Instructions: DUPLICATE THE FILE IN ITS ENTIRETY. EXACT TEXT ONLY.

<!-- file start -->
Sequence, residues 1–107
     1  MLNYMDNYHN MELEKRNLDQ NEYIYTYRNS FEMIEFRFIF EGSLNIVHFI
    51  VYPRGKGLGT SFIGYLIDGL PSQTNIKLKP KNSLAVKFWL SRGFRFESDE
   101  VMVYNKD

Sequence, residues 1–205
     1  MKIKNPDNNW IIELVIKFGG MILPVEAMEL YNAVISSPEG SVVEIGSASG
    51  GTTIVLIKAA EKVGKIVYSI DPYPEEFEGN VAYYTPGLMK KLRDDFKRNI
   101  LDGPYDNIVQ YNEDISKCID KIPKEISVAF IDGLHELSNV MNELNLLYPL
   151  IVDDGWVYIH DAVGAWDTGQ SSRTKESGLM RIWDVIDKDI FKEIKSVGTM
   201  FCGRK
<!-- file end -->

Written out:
Sequence, residues 1–107
     1  MLNYMDNYHN MELEKRNLDQ NEYIYTYRNS FEMIEFRFIF EGSLNIVHFI
    51  VYPRGKGLGT SFIGYLIDGL PSQTNIKLKP KNSLAVKFWL SRGFRFESDE
   101  VMVYNKD

Sequence, residues 1–205
     1  MKIKNPDNNW IIELVIKFGG MILPVEAMEL YNAVISSPEG SVVEIGSASG
    51  GTTIVLIKAA EKVGKIVYSI DPYPEEFEGN VAYYTPGLMK KLRDDFKRNI
   101  LDGPYDNIVQ YNEDISKCID KIPKEISVAF IDGLHELSNV MNELNLLYPL
   151  IVDDGWVYIH DAVGAWDTGQ SSRTKESGLM RIWDVIDKDI FKEIKSVGTM
   201  FCGRK